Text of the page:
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$4.5 billion laundering estimate

$4.5 billion laundering estimate

THE AMOUNT of money laundered in Australia is unlikely to be known, but estimates put the figure at nearly $4.5 billion, according to the head of the Australian Institute of Criminology (AIC).…

THE AMOUNT of money laundered in Australia is unlikely to be known, but estimates put the figure at nearly $4.5 billion, according to the head of the Australian Institute of Criminology (AIC).

However, Dr Toni Makkai, AIC director, said the impact of money laundering on the economy was calculable based on a range of sources. According to AIC research, released last month, some $4.5 billion per year is laundered in Australia. Of that amount, the total value of laundered money involved in cases that proceeded was just $83 million.

However, according to Australian law enforcement estimates, $100 million in proceeds of crime was restrained, $1 billion in illicit drugs and $45 million in real estate was seized along with $40 million in cash.

However, according to the Federal Attorney-General’s website, “$11.5 billion” is laundered in Australia every year, although no attribution for the estimate is given.

The last major qualified estimate of money laundering activity in Australia was published in 1995 and put the figure at $3.5 billion. Since then, the AIC research said, the extent of money laundering has remained relatively unchanged.

“By its nature, money laundering is unlikely ever to be measured accurately, but estimates of its cost to the economy can be made using a range of data sources,” said Dr Makkai. “While Australia’s mature controls over national and international financial transactions place it at the lower end of the range of costs, the changing international financial environment and increasing sophistication of offenders mean that opportunities for new ways of money laundering continue to develop. Its potential to fund terrorist activities makes its identification and control even more pressing.”

According to the AIC research, the largest source of laundered funds was fraud, which accounted for $2.3 billion, or more than 80 per cent. The second-biggest source was the illicit drugs trade, the proceeds of which resulted in around $382 million in laundered funds each year.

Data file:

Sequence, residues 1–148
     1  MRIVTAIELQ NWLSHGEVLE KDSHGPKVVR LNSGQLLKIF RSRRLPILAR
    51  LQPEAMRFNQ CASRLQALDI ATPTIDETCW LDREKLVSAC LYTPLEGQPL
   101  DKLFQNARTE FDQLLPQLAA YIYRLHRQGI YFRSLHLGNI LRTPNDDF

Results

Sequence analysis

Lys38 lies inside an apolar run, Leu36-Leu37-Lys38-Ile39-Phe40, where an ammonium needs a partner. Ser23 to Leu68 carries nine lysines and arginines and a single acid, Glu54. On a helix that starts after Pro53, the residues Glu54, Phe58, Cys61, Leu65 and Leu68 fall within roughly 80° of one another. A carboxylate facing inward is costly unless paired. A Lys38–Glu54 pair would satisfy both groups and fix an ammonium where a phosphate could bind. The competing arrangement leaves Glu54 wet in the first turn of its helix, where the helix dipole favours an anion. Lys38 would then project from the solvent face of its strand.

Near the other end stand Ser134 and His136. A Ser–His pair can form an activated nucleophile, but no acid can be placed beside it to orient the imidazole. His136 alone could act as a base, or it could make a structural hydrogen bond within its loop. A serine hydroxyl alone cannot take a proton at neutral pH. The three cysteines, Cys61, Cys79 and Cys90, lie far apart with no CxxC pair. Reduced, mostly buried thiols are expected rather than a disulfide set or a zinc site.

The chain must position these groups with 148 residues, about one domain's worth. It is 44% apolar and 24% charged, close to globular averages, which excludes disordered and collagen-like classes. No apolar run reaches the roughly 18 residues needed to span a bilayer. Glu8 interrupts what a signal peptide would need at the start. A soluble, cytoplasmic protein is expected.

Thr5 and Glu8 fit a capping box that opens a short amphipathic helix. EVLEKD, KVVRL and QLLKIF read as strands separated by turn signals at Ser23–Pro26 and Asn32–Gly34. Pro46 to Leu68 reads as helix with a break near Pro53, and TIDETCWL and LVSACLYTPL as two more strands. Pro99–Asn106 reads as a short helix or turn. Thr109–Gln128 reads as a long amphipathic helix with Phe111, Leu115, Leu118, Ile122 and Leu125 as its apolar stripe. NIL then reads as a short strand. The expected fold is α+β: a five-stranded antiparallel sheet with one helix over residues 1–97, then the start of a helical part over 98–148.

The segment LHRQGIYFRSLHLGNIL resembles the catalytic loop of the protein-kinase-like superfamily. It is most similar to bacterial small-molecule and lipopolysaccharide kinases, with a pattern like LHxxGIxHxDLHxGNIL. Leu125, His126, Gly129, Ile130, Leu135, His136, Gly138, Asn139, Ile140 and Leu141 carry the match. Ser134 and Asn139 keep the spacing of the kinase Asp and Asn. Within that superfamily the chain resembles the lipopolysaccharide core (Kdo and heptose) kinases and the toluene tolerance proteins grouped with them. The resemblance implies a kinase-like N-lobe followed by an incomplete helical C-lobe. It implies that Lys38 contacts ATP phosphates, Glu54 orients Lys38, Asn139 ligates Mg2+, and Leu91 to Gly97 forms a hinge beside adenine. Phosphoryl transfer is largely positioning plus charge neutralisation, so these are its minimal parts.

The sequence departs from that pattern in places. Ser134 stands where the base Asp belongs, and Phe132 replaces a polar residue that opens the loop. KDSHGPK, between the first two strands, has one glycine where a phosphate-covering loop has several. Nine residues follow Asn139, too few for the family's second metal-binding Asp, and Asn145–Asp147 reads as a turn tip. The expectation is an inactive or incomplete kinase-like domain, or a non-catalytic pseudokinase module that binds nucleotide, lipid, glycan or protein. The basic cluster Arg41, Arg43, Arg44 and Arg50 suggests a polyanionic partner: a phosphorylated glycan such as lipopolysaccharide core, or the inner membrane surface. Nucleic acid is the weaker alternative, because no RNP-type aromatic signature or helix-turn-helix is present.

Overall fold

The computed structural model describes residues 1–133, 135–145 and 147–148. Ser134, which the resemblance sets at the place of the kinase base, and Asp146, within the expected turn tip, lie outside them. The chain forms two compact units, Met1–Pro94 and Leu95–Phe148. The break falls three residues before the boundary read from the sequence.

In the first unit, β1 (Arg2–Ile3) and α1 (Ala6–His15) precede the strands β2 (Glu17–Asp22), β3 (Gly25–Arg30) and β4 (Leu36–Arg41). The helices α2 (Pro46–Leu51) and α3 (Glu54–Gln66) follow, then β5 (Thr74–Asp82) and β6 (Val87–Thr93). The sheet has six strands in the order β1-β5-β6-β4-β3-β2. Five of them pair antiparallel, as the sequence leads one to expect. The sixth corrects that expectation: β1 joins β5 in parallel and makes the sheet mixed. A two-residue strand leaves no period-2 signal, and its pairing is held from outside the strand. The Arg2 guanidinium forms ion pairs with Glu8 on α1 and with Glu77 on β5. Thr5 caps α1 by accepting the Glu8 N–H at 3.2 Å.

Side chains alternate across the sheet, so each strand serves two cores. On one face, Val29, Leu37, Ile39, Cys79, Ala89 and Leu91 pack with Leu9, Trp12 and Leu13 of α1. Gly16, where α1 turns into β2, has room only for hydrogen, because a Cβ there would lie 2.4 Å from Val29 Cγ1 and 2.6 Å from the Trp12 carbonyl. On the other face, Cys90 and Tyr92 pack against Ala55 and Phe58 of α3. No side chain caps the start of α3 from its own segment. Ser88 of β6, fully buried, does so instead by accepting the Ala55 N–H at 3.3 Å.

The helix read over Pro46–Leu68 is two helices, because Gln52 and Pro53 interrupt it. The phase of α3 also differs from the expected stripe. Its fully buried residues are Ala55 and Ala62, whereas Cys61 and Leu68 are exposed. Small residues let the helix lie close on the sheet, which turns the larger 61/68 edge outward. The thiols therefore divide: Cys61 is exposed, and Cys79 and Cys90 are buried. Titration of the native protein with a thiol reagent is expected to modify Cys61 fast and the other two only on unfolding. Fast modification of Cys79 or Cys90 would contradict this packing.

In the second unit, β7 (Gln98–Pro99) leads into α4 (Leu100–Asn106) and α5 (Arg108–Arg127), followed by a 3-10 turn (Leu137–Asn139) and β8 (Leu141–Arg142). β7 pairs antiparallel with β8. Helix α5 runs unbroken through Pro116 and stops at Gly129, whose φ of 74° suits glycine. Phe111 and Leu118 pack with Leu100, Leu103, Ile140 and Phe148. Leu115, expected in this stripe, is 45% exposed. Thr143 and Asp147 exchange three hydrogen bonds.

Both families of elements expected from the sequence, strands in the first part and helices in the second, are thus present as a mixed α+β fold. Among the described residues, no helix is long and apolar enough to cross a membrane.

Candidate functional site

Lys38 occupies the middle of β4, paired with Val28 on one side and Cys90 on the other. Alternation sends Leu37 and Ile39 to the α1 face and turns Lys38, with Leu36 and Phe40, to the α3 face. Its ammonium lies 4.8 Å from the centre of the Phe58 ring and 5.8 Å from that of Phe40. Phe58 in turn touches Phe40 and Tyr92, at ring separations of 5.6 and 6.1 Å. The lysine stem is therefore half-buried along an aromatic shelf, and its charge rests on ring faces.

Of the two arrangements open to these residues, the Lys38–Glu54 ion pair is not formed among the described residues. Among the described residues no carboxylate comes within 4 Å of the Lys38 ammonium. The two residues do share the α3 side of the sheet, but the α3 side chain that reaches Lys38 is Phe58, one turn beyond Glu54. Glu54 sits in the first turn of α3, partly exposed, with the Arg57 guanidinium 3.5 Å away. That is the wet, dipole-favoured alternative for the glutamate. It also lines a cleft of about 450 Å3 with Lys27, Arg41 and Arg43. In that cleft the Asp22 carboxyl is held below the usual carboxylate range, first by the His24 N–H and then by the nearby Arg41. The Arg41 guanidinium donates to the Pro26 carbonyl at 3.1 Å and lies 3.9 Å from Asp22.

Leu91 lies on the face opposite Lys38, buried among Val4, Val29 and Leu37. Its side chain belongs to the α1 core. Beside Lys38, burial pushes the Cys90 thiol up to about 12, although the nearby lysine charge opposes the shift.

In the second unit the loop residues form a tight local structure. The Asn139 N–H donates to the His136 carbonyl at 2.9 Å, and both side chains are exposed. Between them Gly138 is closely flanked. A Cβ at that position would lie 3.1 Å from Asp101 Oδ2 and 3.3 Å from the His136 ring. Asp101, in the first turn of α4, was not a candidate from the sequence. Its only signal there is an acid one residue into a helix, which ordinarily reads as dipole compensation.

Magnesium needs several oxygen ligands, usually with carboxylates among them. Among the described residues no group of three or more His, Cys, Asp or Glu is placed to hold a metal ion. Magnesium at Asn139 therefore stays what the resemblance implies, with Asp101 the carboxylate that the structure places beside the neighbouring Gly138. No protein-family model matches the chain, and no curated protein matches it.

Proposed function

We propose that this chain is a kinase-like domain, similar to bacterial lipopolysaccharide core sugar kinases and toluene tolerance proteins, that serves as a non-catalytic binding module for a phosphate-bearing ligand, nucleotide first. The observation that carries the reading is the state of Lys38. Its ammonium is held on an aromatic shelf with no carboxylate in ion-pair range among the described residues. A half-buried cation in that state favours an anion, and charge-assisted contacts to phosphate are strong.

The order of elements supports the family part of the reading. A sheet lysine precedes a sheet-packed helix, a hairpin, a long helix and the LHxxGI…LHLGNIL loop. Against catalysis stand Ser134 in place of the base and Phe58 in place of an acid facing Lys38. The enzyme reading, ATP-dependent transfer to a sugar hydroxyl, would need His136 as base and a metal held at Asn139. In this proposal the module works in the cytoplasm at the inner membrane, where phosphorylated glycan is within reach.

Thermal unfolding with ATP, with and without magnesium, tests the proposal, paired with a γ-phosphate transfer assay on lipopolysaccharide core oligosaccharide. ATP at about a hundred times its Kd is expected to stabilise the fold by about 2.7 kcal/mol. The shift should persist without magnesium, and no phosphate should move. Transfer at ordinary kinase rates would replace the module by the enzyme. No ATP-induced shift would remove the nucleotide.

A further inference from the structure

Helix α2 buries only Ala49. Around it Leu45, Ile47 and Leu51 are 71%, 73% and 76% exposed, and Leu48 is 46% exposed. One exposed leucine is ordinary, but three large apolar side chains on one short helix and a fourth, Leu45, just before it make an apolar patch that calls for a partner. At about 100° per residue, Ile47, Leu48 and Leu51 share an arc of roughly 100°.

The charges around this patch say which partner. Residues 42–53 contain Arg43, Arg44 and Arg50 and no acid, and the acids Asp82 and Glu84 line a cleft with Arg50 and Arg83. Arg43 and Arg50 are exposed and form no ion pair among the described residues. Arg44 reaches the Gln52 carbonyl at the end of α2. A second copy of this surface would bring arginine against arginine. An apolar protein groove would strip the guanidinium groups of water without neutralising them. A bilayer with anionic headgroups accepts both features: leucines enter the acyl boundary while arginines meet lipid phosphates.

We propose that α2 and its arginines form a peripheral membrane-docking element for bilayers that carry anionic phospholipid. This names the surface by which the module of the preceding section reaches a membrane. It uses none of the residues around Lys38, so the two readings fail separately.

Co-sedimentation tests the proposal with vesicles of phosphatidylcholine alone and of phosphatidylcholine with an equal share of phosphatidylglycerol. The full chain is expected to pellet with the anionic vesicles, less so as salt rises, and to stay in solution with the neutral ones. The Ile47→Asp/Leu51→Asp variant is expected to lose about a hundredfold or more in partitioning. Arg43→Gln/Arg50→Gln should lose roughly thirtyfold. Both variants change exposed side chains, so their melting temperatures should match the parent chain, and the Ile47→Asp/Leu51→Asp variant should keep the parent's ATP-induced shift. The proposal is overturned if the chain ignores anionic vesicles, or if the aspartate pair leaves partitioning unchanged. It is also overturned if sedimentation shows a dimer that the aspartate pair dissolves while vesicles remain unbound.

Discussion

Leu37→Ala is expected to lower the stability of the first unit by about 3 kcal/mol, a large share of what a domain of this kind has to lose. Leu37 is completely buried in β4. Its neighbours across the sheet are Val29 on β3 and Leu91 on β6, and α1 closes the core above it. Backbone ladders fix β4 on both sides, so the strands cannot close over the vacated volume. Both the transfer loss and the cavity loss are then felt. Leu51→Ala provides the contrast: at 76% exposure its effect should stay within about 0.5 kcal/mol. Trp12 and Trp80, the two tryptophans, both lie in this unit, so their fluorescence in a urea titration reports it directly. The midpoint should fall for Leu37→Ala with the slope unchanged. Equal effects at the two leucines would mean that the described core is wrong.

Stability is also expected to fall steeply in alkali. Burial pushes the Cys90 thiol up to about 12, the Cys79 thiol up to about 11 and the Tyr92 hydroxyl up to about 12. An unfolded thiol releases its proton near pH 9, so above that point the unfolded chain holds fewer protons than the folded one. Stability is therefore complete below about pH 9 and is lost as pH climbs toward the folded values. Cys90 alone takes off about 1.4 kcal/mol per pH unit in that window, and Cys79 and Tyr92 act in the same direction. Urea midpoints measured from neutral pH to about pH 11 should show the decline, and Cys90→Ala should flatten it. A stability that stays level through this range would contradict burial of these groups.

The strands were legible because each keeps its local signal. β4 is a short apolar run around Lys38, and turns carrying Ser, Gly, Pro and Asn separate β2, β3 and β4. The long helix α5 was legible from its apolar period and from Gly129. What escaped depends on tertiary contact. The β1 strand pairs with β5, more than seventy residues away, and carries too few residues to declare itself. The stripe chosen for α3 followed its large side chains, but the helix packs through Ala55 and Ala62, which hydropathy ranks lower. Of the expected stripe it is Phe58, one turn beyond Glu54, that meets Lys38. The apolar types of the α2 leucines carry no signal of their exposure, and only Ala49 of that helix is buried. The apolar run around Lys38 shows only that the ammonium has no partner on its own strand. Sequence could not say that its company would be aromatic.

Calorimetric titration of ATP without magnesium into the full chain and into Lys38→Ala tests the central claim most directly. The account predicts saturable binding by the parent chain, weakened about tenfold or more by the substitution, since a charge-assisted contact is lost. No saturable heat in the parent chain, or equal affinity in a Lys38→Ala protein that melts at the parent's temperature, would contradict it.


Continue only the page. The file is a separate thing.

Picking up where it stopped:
The AIC research was based on responses from 21 overseas financial intelligence units (FIUs), 14 Australian law enforcement agencies and four criminologists.

While the 1995 research focused on the domestic extent of money laundering, the new research was able to garner overseas perspectives of money laundering.

The regions seen as most linked to money laundering were North America, Europe and South-East Asia. Proceeds of crime requiring laundering were most likely to be generated in Eastern European countries, with the funds transiting through Northern Europe and most often ending up in South-East Asia as laundered funds.

The responses from overseas indicated there is a net flow out of Australia of laundered money, but the country was seen only as having moderate significance as both an origin of funds and a destination for laundered money.

The AIC research added that very little is known about the amounts involved in terrorist financing, which forms part of the Federal Government’s money laundering reform program.

“It is generally accepted that some of the main methods utilised by the financiers of terrorism include the misuse of charities, the informal funds transfer sector, wire transfers, and precious and durable commodities,” said John Stamp and John Walker, authors of an paper accompanying the AIC research. “Other methods can include trade mispricing, and intellectual property crime.”

According to US research published in 2003, anomalous trade (the under or over-valuation of exports and imports to hide money laundering) represents nearly $2 billion, or 7 per cent of total trade.

However, Stamp and Walker warned against making assumptions of terrorism financing on the basis of suspect transaction reports (SUSTRs).

“Very little is known about amounts of terrorist financing, and there is some risk in assuming that a person who is the subject of a SUSTR is the same person named on government-proscribed lists. The simple match of a name does not of itself mean that the reported person is linked to the financing of terrorism. The research suggests that it would be naive to assume that no funds used for the financing of terrorism had originated in Australia.”

This article first appeared in Risk Management magazine. See www.riskmanagementmagazine.com.au

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